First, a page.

Martin McGuinness stood in Presidential election in 2011 - he could not vote
In recent years two referendums in the south have attracted huge public interest and international attention. In May 2015 there was the successful referendum on marriage equality. In May of this year there was the equally successful Yes vote on repealing the eighth amendment of the Constitution. Both achieved massive public support and reflected an overwhelming desire for real and positive change.
Next May there will be another equally crucial referendum vote with profound implications for the future political, democratic and social evolution of the island of Ireland. The Taoiseach has announced that there will be a referendum on the right of Irish citizens living in the north and in the diaspora to vote in Presidential elections on May 24th.
Leo Varadkar announced this in the Dáil two months ago. He said: Following through on a Citizens’ Assembly proposal, we will have a referendum next year on extending the right to vote in presidential elections to all Irish citizens, including those living in the North and across the world …We want to have a referendum on that at probably the same time as next year’s local and European elections.” Those elections are scheduled for May 24th 2018.
Mr Varadkar’s announcement was the culmination of many years of hard work and lobbying by Sinn Féin and others, including civic society activists in the north. We have all consistently argued that citizens living in this part of the island and in the diaspora should have the right to vote for the President of Ireland.
The Constitutional Convention or Citizens Assembly spent two days hearing evidence on this issue in September 2013 from a range of academic and legal experts. It also heard from representatives of Irish communities living in the USA, Britain, Canada, Australia and elsewhere around the world, via a live video link-up. Martin McGuinness, Mary Lou McDonald and I participated in that discussion as Sinn Féin’s three representatives to the convention.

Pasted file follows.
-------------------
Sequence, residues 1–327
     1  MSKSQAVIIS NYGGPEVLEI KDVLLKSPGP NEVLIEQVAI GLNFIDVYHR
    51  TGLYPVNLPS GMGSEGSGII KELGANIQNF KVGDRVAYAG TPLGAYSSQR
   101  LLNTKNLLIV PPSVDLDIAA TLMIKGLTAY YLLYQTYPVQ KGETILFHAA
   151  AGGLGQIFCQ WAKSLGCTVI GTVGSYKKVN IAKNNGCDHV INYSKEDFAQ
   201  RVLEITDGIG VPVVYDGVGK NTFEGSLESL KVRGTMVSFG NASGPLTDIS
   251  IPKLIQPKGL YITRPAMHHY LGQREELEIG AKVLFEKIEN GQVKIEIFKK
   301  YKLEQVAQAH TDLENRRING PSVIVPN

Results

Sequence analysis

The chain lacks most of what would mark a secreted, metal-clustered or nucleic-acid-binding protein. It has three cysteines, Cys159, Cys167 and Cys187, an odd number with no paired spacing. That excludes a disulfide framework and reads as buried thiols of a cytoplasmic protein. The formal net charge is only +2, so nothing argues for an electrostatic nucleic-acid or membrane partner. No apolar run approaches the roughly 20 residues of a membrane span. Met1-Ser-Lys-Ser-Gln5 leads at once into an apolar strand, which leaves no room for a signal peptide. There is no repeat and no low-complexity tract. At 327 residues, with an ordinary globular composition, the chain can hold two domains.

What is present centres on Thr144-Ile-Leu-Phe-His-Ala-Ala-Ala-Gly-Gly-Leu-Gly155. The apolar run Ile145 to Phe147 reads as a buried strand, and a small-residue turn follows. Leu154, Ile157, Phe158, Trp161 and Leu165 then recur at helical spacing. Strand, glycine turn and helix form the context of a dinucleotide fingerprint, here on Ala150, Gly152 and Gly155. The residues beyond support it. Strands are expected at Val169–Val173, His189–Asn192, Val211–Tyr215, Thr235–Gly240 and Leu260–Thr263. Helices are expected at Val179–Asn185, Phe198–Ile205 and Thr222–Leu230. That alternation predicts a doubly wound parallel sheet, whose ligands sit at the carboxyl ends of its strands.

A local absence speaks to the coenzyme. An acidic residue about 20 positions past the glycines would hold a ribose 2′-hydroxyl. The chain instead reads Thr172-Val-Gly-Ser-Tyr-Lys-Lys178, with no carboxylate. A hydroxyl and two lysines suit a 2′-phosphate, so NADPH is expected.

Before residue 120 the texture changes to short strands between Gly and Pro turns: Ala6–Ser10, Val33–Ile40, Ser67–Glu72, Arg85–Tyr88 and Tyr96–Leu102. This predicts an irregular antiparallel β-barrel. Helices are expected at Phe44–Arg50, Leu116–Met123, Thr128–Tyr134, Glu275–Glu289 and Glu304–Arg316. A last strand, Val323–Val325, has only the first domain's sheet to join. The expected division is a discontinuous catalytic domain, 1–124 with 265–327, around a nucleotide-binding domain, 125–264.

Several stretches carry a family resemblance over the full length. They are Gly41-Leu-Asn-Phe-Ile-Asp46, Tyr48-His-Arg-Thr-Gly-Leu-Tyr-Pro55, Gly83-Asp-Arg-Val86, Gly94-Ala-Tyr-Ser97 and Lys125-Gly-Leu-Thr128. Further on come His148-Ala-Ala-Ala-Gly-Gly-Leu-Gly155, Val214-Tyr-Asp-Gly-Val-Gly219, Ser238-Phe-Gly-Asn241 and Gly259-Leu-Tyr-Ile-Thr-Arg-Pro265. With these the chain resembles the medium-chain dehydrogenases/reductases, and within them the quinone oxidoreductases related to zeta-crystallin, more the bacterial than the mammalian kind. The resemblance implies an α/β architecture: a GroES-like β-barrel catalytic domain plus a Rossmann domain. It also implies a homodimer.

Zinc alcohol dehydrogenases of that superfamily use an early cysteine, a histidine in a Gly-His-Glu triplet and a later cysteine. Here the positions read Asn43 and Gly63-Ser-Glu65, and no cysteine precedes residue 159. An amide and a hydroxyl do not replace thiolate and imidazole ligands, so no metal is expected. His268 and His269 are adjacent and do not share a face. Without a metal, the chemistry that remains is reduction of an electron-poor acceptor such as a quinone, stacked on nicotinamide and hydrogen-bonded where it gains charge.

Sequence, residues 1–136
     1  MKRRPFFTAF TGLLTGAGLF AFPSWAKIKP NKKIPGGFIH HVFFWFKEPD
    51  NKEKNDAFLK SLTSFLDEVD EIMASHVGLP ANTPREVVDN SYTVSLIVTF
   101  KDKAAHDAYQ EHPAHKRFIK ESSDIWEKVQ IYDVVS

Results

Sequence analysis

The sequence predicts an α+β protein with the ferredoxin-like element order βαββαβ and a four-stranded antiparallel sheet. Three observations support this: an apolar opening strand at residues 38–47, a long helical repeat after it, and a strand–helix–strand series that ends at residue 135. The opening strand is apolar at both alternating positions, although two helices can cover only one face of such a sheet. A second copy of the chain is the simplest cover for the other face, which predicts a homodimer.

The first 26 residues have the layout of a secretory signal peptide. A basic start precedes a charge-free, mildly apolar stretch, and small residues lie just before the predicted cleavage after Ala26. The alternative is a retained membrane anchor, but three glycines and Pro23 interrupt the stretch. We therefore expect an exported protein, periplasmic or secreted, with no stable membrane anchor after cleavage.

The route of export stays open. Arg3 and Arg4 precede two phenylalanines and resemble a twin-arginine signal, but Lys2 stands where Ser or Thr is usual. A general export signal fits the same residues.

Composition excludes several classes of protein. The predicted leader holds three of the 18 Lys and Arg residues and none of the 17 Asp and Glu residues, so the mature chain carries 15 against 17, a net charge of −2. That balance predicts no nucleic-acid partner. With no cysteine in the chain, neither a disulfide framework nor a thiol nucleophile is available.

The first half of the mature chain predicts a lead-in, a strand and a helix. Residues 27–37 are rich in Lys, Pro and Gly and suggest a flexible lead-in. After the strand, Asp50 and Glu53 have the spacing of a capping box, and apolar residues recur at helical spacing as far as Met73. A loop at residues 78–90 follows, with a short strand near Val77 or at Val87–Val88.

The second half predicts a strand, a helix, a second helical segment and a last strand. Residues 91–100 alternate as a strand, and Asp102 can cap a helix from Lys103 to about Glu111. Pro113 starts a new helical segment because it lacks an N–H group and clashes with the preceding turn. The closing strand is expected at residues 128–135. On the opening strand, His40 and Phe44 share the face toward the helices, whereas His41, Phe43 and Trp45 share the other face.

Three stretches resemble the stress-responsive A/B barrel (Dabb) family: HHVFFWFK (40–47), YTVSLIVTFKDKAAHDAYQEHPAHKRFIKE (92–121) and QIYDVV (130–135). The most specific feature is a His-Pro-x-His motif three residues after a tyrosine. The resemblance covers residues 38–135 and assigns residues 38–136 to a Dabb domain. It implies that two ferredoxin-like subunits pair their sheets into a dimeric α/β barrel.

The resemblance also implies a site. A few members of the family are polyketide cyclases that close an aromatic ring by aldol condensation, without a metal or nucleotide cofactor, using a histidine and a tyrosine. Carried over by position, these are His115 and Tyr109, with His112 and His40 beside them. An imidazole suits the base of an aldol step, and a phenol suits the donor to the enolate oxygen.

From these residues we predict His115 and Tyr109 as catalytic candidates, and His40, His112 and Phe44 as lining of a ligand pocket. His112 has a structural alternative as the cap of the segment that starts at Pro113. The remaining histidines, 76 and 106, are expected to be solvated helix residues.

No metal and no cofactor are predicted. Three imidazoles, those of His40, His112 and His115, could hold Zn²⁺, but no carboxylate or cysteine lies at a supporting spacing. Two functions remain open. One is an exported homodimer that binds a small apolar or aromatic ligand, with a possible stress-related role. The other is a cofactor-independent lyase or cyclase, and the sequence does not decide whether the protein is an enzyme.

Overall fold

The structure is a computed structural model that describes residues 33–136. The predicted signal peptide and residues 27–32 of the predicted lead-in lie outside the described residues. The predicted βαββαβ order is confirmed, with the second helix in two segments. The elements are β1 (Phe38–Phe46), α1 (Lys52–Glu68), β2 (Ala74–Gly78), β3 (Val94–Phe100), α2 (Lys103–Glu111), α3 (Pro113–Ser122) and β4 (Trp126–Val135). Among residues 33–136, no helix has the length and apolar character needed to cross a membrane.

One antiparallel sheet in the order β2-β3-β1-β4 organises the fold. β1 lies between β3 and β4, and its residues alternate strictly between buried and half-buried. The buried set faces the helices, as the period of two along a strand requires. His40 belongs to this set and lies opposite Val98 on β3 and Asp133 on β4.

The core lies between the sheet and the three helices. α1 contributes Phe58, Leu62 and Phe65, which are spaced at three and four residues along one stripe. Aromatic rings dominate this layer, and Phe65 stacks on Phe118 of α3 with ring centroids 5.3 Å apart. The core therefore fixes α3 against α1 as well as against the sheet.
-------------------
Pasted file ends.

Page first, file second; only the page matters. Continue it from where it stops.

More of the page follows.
It was a good debate. Comprehensive, detailed and thorough. The fact that Irish citizens living across the border cannot vote for the President of Ireland is an anomaly of partition. The members of the Convention were asked to vote on several propositions: ‘Should citizens resident outside the State have the right to vote in Presidential elections?’ Seventy-eight percent of the 100 members of the Convention voted yes.
Delegates were then asked: ‘Should citizens resident in Northern Ireland have the right to vote in Presidential election?’ Seventy-three percent voted yes.
These overwhelmingly positive votes were a significant step forward in recognising the equal rights of all Irish citizens. President Michael D Higgins, and before him, Mary Robinson and Mary McAleese, have always acted as the President of all of the people of the island of Ireland. They come to the north regularly and receive a warm welcome from both unionists and nationalists alike.